The Securities and Exchange Commission charged a GlaxoSmithKline subsidiary and its former chairman and CEO (PDF) with buying back stock at undervalued prices and defrauding employees and other shareholders.
Glaxo subsidiary, former CEO charged in stock scheme
The SEC alleges that Stiefel Laboratories, which was acquired by GlaxoSmithKline in 2009, omitted information from employees that would have alerted them that their stock was worth more, during a period from November 2006 to April 2009. The information was instead supplied to Charles Stiefel, the CEO at the time, some members of his family and some senior executives.
GlaxoSmithKline acquired Stiefel Laboratories, a Coral Gables, Fla.-based manufacturer of dermatology products, in 2009 for $2.9 billion.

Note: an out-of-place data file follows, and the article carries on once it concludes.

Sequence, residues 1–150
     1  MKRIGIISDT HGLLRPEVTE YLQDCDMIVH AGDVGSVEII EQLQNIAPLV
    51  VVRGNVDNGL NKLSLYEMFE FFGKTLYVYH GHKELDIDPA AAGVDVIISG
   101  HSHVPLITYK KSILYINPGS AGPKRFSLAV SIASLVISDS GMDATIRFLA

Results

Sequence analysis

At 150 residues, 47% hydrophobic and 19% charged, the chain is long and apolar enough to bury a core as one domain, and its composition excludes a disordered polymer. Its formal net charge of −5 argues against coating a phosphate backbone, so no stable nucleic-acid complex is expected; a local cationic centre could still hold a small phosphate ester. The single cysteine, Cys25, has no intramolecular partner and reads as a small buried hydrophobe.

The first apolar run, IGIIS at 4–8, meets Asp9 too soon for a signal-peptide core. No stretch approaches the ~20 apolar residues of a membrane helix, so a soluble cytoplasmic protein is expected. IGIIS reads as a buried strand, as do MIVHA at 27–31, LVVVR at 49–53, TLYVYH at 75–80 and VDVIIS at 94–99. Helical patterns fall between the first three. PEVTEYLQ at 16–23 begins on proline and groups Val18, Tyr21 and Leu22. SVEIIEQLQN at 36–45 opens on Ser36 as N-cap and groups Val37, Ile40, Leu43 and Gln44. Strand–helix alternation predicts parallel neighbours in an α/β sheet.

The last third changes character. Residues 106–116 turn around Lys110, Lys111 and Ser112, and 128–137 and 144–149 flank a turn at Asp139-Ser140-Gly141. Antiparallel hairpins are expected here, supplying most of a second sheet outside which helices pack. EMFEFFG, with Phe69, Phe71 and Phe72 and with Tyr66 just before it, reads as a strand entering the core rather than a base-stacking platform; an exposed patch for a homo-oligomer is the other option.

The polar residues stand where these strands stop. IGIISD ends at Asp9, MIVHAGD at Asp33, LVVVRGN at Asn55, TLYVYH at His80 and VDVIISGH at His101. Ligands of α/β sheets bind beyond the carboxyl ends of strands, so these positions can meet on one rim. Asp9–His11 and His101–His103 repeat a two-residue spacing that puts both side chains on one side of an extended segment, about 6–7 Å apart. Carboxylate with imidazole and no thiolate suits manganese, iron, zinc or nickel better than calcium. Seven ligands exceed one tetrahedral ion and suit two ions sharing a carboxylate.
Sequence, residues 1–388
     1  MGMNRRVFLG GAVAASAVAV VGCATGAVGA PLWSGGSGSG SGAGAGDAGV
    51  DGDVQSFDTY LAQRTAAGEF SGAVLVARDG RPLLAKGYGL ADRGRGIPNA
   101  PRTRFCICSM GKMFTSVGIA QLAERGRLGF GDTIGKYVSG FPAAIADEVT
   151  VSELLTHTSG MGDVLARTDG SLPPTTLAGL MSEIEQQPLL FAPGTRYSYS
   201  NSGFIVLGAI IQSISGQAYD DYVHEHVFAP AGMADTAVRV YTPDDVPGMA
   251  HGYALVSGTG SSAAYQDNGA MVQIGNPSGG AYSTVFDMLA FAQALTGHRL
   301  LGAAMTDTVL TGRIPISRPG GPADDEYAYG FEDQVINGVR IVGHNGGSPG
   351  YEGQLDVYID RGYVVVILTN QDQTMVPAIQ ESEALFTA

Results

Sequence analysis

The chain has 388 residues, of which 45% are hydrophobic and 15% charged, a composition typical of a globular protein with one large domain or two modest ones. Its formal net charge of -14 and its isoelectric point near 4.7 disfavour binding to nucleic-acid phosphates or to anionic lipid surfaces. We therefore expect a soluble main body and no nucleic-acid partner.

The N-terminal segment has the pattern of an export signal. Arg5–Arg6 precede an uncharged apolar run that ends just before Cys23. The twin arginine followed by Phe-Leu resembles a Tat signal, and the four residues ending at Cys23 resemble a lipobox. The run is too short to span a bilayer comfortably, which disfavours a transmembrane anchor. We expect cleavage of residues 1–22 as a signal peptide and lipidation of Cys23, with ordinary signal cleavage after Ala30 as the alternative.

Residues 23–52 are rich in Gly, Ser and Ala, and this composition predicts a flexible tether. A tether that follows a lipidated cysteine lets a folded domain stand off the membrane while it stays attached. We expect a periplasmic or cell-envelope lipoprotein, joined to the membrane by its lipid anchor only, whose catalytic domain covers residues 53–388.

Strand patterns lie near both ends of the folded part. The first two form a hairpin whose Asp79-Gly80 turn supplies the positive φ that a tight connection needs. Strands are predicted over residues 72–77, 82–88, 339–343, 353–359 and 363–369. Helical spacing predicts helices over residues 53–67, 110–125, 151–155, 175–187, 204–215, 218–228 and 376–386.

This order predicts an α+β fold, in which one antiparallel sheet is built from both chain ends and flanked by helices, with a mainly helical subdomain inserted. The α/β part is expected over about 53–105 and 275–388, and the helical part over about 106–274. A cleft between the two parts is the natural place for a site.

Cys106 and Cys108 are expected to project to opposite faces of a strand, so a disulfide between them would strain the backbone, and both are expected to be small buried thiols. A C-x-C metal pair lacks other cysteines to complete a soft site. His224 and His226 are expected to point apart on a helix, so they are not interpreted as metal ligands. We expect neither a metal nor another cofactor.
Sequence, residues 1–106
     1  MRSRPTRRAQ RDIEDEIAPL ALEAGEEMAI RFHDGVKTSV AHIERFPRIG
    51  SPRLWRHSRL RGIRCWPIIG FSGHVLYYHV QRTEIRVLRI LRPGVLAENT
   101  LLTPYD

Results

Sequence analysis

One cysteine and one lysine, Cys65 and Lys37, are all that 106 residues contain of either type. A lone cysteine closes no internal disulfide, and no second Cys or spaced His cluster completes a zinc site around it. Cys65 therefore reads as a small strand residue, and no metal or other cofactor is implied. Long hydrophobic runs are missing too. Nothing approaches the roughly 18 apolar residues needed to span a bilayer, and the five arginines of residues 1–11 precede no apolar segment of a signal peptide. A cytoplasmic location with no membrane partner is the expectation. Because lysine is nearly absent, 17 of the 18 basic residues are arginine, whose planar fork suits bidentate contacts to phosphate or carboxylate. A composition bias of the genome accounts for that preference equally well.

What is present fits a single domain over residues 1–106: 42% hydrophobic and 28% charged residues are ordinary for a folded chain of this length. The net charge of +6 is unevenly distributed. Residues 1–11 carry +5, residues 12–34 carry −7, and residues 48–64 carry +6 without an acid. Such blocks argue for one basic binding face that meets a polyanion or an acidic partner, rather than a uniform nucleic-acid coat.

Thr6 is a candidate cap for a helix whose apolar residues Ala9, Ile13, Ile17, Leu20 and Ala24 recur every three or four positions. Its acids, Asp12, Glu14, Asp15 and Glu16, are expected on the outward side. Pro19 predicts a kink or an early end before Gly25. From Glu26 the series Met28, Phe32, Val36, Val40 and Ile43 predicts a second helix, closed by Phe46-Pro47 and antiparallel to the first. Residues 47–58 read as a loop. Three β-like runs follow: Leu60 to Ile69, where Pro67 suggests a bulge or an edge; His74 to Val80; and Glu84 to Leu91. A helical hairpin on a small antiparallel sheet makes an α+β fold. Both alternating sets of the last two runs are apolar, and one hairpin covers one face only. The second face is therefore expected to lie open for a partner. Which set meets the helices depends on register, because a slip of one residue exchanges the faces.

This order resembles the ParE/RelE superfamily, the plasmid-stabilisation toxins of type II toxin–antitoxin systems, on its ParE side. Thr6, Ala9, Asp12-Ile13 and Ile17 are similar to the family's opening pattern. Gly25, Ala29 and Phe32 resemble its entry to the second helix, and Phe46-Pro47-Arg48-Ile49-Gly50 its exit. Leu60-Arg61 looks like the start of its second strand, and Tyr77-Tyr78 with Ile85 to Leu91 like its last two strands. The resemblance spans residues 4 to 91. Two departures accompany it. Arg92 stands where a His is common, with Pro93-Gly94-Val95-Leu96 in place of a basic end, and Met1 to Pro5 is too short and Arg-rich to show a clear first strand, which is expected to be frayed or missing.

The SEC said in a news release that the company and Stiefel profited at the expense of employee shareholders, who sold their stock based on misleading valuations provided by the company and were defrauded out of more than $110 million.
“Stiefel denies that it or Charlie Stiefel acted improperly or did anything to violate the securities laws,” according to a statement from a GlaxoSmithKline spokesperson. “Stiefel intends to vigorously defend itself against the SEC's complaint.”
According to the SEC, Stiefel mislead shareholders to believe that the company would not be sold about one month before the deal with GlaxoSmithKline was announced.
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